Bills aimed at enhancing the penalties if an insurer discriminates against a gun owner are moving through both chambers of the Florida Legislature. But, some are raising concerns about the reasoning behind the measure, saying there’s not enough evidence to support it.
There’s already a law that bans insurers from denying coverage to or asking for higher premiums from someone who owns a gun. The Office of Insurance Regulation is responsible for enforcing those laws, but Fort Walton Beach Republican Representative Matt Gaetz says that’s not enough. His bill allows gun owners to bring their grievances to court, and he says he’s aware of a couple cases where it might have applied.
But, Coconut Creek Democratic Representative Jim Waldman wondered why the bill was needed, because analysis done by the committee’s legislative staff found very few such cases—a contrast to Gaetz’s position.
“The fact is the OIR only has one instance that’s ever been brought to their attention. So, we can talk all we want anecdotally about what discrimination there is, but we don’t’ have any evidence of it,” said Waldman.
But, Gaetz countered by noting cases were still popping up.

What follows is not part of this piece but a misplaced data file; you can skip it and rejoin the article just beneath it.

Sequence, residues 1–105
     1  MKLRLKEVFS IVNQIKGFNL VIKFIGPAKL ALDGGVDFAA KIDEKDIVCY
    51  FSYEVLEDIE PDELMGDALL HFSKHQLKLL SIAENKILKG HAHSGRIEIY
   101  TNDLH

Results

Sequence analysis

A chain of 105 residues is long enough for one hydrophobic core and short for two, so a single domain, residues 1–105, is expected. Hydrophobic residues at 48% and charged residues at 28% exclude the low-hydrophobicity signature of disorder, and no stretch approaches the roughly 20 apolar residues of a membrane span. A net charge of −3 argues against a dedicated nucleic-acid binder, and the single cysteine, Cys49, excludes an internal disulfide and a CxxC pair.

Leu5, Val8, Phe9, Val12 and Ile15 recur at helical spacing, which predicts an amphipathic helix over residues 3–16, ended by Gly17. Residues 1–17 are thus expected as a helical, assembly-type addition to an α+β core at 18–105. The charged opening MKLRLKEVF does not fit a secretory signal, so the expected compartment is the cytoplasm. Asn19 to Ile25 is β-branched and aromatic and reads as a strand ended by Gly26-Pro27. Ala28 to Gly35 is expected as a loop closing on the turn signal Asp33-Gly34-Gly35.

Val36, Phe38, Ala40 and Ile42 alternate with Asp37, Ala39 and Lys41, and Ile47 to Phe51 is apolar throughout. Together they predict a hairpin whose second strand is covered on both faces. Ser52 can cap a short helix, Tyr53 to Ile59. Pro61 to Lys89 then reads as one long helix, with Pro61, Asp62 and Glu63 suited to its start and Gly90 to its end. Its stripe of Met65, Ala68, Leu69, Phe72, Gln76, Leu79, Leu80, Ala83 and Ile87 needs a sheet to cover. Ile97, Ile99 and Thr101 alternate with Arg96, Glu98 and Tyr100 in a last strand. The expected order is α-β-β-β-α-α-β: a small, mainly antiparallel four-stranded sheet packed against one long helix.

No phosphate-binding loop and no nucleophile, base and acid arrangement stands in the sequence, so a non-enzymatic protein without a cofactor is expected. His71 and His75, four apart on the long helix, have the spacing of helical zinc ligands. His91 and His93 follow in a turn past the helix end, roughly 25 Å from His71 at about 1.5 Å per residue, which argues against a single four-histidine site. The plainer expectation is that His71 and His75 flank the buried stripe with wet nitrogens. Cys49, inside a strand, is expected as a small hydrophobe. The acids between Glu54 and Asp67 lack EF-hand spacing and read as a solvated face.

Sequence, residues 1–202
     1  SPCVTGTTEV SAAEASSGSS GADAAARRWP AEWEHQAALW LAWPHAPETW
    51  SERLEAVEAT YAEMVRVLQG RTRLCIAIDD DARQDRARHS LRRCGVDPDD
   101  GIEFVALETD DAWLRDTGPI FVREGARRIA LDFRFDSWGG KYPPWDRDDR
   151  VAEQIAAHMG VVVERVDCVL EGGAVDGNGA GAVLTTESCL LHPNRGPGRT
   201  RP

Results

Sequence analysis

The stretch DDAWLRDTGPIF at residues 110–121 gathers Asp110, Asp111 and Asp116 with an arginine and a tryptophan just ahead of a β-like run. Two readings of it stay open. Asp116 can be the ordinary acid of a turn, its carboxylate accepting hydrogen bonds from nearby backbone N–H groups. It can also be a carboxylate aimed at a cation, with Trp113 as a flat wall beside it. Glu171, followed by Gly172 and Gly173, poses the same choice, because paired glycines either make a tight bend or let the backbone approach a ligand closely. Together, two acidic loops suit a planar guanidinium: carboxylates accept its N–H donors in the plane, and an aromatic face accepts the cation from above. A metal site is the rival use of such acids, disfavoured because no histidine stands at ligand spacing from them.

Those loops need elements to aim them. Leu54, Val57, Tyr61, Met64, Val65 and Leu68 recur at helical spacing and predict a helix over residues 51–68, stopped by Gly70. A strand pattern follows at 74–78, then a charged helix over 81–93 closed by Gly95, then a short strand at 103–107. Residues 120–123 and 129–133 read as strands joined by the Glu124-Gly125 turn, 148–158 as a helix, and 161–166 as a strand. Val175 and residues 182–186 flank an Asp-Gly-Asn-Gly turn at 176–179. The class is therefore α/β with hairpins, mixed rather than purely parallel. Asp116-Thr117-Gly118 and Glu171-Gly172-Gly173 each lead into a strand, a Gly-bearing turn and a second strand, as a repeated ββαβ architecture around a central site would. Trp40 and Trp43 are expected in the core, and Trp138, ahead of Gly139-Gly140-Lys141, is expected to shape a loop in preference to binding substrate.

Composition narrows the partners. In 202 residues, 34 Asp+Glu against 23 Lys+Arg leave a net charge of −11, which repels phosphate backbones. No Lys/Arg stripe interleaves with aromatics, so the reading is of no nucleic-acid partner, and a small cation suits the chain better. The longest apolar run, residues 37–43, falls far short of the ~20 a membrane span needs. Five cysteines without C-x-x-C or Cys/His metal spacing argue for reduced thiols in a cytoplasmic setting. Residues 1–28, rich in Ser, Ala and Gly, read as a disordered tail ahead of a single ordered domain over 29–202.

“It would be a difficult thing to do to explain to Richard Page that there’s not a need for the bill. He was cancelled as recently as January 15, 2014, and that’s an additional circumstance that’s not noted in the staff analysis. And, I think we need to acknowledge that there are things happening in Florida that we have not entirely included in every staff analysis in every bill,” said Gaetz.
The National Rifle Association’s Marion Hammer took the argument a step further, citing a Jacksonville case.
“The local agent encouraged an insurer to get a separate rider, so that his firearms would be covered. And, after purchasing that rider, the home company sent him a letter that said, ‘upon normal review of our policies, we found that you own firearms and have cancelled your policy.’ So, there is discrimination. There is a need. And, how many people have to be discriminated against before you take action to stop it,” asked Hammer.
She also brought up a series of questions that popped up on the Citizens Property Insurance website, regarding the gun ownership of Florida residents. But, according to a recent News Service of Florida article, a Citizens spokesman says that is no longer part of their survey.
The bill was also expanded to include discrimination based on ammunition, not just firearms.
The measure passed the House Civil Justice Subcommittee 8-2 Wednesday, with two of the three Democrats present opposed to the bill. Like its Senate companion, it has one more stop before a floor vote.
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